As patients settled into the early stages of psychotherapy, they began to resolve their guilt for being “given” more endowment than others. Later in this phase, psychologically informed mentoring, coaching, and advising helped each patient clarify a vision for his or her giftedness. A judicious use of therapeutic transparency was useful in this phase.
In this phase, patients began to relinquish their exclusive need for autonomy and slowly came to accept the importance of relying on others for inspiration and guidance.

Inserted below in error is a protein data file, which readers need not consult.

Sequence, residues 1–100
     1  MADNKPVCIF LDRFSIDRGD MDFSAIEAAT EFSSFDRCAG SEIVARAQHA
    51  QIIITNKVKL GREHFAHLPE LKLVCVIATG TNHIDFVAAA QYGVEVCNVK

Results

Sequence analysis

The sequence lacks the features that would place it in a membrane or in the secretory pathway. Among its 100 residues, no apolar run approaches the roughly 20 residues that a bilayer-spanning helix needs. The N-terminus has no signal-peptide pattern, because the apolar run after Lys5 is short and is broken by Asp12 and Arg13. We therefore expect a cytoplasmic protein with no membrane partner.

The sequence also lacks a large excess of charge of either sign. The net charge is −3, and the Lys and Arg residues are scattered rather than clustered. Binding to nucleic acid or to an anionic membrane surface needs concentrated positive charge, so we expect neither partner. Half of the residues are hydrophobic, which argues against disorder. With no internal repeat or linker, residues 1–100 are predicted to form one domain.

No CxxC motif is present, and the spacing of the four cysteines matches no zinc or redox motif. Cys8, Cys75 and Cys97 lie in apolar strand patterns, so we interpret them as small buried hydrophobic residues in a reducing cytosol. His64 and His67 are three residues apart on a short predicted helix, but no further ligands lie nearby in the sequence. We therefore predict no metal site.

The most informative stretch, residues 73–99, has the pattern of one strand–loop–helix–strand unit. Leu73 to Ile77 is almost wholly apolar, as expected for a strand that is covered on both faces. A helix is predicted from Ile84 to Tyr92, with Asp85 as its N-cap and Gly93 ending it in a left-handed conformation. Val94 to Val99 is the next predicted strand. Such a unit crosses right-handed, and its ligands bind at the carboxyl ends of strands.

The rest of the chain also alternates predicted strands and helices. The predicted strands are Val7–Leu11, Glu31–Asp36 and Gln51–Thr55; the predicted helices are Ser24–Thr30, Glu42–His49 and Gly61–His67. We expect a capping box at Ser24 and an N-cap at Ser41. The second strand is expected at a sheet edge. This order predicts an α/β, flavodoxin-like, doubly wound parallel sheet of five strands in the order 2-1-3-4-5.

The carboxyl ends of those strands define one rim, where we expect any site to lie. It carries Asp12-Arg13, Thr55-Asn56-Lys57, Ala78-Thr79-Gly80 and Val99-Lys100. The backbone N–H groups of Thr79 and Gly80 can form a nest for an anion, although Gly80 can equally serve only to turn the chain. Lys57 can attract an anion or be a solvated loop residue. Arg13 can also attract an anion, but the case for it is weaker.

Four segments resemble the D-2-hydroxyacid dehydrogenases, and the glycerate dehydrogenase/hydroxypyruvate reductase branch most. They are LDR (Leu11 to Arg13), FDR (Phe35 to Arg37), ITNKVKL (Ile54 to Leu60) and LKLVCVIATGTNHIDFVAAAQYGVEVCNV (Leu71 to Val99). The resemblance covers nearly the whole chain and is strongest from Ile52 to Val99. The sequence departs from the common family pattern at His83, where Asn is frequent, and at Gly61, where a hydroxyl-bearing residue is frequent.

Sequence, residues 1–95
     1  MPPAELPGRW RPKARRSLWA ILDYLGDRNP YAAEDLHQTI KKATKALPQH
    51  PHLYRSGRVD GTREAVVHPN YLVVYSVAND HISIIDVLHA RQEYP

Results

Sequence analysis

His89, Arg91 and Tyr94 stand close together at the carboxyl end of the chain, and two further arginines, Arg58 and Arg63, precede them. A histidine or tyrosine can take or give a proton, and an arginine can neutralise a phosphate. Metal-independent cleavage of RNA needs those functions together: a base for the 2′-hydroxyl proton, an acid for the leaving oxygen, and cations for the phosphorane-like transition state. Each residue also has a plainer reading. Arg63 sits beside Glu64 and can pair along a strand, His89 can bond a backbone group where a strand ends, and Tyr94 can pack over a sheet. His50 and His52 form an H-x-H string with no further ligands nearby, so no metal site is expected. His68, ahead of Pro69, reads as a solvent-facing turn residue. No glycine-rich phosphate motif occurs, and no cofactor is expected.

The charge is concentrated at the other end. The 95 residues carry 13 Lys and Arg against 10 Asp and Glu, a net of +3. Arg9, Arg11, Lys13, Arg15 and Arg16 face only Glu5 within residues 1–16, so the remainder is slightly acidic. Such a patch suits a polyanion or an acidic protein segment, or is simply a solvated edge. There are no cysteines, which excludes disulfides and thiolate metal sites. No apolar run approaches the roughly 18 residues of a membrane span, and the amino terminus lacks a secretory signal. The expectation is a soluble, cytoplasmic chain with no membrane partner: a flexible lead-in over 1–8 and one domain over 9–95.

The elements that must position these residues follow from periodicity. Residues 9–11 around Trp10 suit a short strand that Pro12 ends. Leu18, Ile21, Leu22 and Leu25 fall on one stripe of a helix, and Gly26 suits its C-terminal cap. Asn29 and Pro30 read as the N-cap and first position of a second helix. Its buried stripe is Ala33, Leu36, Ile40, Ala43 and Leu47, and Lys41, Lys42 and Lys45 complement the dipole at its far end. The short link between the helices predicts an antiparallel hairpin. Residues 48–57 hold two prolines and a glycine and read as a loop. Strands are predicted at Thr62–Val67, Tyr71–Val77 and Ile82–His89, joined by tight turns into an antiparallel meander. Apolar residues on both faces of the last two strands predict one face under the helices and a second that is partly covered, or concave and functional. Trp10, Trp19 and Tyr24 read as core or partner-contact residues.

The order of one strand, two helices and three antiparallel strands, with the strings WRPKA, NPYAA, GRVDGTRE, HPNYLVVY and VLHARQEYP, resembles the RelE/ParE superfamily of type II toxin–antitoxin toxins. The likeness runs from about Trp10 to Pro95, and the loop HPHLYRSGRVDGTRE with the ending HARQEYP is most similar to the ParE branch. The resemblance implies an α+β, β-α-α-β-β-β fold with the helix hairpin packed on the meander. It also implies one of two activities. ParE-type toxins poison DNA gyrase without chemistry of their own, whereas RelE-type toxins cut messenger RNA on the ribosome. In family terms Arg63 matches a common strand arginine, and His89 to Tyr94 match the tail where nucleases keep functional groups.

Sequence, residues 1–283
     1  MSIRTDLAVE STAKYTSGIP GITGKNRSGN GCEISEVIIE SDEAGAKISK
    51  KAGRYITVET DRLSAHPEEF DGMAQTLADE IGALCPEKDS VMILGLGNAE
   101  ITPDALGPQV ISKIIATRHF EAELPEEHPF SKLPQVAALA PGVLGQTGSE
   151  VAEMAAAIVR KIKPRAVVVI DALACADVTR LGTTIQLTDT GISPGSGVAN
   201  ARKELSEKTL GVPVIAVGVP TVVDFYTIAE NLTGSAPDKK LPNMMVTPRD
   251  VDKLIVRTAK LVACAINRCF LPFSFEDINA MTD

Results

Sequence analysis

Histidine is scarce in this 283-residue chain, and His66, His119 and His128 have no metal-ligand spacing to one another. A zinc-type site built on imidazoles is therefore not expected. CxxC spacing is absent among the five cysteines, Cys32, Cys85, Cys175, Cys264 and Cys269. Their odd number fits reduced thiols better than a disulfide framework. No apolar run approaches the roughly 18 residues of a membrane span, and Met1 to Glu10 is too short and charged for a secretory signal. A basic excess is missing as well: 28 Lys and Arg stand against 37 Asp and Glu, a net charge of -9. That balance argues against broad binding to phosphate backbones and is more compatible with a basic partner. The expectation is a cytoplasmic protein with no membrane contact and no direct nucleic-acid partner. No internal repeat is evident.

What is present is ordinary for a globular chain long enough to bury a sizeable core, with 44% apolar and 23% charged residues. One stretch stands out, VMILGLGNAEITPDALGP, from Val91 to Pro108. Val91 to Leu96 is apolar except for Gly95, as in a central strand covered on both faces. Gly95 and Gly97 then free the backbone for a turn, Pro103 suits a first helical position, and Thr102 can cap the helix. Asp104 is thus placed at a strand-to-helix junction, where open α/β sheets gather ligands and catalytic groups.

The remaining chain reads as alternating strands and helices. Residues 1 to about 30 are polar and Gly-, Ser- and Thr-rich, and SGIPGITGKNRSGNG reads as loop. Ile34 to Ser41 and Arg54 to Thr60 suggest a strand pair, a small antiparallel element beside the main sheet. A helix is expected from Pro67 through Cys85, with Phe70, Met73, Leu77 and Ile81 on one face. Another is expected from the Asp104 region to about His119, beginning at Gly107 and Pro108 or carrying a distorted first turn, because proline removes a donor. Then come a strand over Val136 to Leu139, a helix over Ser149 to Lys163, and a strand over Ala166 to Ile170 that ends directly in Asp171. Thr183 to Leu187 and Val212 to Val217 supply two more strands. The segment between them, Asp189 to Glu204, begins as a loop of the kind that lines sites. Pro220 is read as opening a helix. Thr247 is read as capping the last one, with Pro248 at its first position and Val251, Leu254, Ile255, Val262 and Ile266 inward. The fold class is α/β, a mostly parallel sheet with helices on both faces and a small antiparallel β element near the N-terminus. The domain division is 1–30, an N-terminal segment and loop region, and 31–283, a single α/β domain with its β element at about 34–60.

In this phase, patients identified their extracognitive capacities—inspiration, imagination, intuition, clairvoyance, curiosity, and special physical and aesthetic sensitivities and sensibilities— as the core of their exceptional giftedness. Experiencing the success of the therapist’s intuitive interventions gave these patients permission to use their own extracognitive abilities in their therapy as well as in the outside world. They began to experience less conflict, less anxiety, and less need to deny, disavow, their exceptional giftedness or undermine it with underachievement and self-destruction.